Story continues below advertisement

The purchase is National Bank's second outside commercial banking since Mr. Raymond took over as chief executive in March.

The value of the transaction, which is expected to close Aug. 12, represents about 9.5 per cent of Altamira's risk-weighted assets under management, the companies said.

The acquisition will not affect National Bank's earnings in 2002, it said, and should add 4 cents to earnings a share in 2003 and 10 cents in 2004.

Michel Tremblay, a senior vice-president at National Bank, will become chairman of the board of Altamira. He pointed out that "Altamira is one of the great names in wealth management," something National has said it is searching for in an acquisition.

Privately owned Altamira is 39 per cent owned by Boston-based venture capital firm TA Associates Inc., 28 per cent by institutional investors and 33 per cent by Altamira managers and employees. They own common and preferred shares.

Sources have told the Globe and Mail TA Associates, which acquired its stake in 1997 and generally doesn't hold on to its investments for a long time, wants out of Altamira. The fund company's assets have declined by more than $2-billion since it filed a prospectus for an initial public offering in November, 2000. Altamira shelved its IPO because of poor market conditions. Altamira also has a $70-million principal loan repayment coming due in September.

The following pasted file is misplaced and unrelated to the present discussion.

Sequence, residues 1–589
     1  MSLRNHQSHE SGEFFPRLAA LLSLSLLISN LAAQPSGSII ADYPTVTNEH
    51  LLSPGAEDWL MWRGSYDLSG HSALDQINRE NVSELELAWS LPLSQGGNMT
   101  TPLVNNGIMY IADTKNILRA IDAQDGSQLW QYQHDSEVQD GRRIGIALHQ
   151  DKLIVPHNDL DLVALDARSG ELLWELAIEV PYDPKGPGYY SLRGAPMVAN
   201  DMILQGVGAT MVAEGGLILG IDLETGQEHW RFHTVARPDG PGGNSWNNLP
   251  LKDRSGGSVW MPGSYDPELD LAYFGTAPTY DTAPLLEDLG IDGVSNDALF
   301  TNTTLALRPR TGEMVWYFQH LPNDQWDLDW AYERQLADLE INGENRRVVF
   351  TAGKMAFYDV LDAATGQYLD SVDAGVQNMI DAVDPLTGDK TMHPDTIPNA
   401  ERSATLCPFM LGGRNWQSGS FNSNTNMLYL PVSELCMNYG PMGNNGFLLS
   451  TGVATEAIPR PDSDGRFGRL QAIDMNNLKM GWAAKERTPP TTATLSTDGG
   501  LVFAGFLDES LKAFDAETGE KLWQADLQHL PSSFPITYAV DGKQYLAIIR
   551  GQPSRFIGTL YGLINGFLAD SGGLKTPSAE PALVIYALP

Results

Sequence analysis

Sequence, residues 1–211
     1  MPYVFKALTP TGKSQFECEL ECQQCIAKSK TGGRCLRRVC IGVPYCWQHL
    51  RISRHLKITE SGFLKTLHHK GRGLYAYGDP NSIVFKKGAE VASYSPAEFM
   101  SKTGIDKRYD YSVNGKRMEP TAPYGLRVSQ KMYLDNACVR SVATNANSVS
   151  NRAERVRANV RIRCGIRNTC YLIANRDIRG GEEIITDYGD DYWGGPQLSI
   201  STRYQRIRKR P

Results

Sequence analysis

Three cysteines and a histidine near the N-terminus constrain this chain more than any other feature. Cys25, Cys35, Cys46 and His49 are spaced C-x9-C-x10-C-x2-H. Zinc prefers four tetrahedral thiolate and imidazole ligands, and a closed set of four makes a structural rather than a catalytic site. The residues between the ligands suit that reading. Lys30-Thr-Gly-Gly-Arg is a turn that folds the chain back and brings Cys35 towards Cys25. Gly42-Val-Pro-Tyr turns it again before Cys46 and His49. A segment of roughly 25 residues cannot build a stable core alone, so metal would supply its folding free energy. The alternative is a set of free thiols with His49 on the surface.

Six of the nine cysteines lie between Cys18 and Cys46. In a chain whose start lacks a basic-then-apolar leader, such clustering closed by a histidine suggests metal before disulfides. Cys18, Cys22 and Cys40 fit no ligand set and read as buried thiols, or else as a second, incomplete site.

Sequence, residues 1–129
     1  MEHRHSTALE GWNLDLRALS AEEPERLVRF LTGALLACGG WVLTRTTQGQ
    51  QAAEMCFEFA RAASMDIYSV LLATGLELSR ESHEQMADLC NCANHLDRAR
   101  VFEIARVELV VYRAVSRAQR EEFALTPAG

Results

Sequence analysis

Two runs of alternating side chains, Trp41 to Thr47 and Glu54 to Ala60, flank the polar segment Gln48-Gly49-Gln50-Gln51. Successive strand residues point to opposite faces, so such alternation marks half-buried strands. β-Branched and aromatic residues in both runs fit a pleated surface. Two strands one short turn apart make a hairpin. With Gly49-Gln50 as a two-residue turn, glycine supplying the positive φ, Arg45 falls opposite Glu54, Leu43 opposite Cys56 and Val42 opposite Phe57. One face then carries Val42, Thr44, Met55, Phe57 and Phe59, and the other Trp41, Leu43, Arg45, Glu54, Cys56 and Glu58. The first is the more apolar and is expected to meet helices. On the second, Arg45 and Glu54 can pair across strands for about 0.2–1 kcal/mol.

Story continues below advertisement

Shares of National Bank, listed on the Toronto Stock Exchange, slipped 3 per cent or $1 to $31.90 on the Toronto Stock Exchange Tuesday.



Report an error
Tickers mentioned in this story
Due to technical reasons, we have temporarily removed commenting from our articles. We hope to have this fixed soon. Thank you for your patience. If you are looking to give feedback on our new site, please send it along to feedback@globeandmail.com. If you want to write a letter to the editor, please forward to letters@globeandmail.com.

Welcome to The Globe and Mail’s comment community. This is a space where subscribers can engage with each other and Globe staff. Non-subscribers can read and sort comments but will not be able to engage with them in any way. Click here to subscribe.

If you would like to write a letter to the editor, please forward it to letters@globeandmail.com. Readers can also interact with The Globe on Facebook and Twitter .

Welcome to The Globe and Mail’s comment community. This is a space where subscribers can engage with each other and Globe staff. Non-subscribers can read and sort comments but will not be able to engage with them in any way. Click here to subscribe.

If you would like to write a letter to the editor, please forward it to letters@globeandmail.com. Readers can also interact with The Globe on Facebook and Twitter .

Welcome to The Globe and Mail’s comment community. This is a space where subscribers can engage with each other and Globe staff.

We aim to create a safe and valuable space for discussion and debate. That means:

  • Treat others as you wish to be treated
  • Criticize ideas, not people
  • Stay on topic
  • Avoid the use of toxic and offensive language
  • Flag bad behaviour

Comments that violate our community guidelines will be removed.

Read our community guidelines here

Discussion loading ...

To view this site properly, enable cookies in your browser. Read our privacy policy to learn more.
How to enable cookies